With the speed of a lumbering engine powered by critical hubris and self-importance, the 84th Academy Awards nominations dropped into our newsfeeds this morning with predictable result. Did you know that people liked The Descendants this year, The Artist as well? Brad Pitt and George Clooney scored the requisite Hollywood heartthrob acting votes (they will lose to the no-name French guy who doesn’t talk), while Meryl Streep got her due for sticking around. Woody Allen and Martin Scorsese were also nominated, just like they always are. It’s another Oscar ceremony, y’all!

But not to sound cynical or anything. It’s somewhat surprising, though definitely nice, to see Terrence Malick get official recognition for The Tree of Life, even if there’s almost no way the hype-happy Academy will give their highest awards to a movie with more than a handful of inscrutably artsy scenes. Equally surprising on the other end is the inclusion of Extremely Loud & Incredibly Close, a movie that no one seemed to like but not for any inscrutably artsy reasons, simply because it’s kind of schmaltzy and not very good. Why not give the spot to something innocuous like Bridesmaids or even the last Harry Potter movie, if they’re trying to go commercial? Madness, it’s all madness. (I won’t even get started on Albert Brooks’ snub for Drive.) You can look at the important nominees below, or go to the Academy’s website for the full list.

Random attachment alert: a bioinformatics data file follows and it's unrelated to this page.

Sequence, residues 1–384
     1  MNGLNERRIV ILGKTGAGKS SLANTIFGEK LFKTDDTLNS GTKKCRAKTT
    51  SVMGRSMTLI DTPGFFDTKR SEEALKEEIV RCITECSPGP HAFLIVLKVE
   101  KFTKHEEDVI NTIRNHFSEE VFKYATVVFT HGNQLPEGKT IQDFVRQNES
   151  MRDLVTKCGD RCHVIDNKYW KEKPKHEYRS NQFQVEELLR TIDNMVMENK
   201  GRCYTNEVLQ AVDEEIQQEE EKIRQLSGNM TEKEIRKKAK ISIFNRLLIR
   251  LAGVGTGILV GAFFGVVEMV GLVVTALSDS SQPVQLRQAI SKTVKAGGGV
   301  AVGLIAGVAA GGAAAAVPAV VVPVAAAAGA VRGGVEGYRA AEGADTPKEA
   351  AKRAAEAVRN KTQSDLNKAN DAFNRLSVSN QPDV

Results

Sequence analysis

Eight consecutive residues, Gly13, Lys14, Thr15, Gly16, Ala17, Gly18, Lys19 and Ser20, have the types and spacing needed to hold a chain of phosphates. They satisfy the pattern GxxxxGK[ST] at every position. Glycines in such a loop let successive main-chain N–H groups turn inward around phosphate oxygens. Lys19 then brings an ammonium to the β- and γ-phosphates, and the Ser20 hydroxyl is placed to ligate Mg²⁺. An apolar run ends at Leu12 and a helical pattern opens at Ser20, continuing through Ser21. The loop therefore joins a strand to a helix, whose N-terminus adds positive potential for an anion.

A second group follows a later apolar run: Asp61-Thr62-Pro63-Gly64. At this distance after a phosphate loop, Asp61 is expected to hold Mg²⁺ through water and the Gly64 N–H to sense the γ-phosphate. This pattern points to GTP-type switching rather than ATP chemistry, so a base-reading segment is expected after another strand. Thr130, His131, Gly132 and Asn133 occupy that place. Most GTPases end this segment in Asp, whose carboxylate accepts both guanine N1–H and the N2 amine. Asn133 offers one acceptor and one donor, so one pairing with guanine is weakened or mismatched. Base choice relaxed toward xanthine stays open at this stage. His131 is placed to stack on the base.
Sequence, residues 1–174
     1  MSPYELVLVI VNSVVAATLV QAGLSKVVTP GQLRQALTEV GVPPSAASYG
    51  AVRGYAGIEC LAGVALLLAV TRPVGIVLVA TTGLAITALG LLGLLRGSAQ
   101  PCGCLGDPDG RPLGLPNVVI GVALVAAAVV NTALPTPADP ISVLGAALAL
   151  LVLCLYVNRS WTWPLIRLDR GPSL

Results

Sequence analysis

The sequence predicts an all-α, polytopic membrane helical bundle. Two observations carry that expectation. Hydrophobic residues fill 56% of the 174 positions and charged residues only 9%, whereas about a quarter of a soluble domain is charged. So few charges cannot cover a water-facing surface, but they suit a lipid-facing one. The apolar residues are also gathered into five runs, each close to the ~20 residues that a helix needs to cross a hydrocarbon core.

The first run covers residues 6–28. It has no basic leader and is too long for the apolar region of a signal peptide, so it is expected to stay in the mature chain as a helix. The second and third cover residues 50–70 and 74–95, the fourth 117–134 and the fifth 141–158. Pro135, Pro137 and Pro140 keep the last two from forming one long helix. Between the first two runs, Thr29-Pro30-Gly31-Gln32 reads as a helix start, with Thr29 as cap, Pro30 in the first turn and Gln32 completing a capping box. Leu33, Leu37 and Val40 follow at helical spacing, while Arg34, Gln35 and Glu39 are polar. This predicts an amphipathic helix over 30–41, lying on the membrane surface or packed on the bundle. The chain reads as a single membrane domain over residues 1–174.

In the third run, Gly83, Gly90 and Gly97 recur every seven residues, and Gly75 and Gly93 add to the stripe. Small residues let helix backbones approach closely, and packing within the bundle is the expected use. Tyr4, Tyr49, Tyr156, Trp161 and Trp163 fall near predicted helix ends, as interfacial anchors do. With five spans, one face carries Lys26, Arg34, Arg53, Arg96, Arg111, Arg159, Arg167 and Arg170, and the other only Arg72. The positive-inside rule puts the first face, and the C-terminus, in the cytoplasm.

Best Picture
The Artist, The Descendants, Extremely Loud & Incredibly Close, The Help, Hugo, Midnight in Paris, Moneyball, The Tree of Life, War Horse

Actor in a Leading Role
Demian Bichir – A Better Life, George Clooney – The Descendants, Jean Dujardian – The Artist, Gary Oldman – Tinker Tailor Soldier Spy, Brad Pitt – Moneyball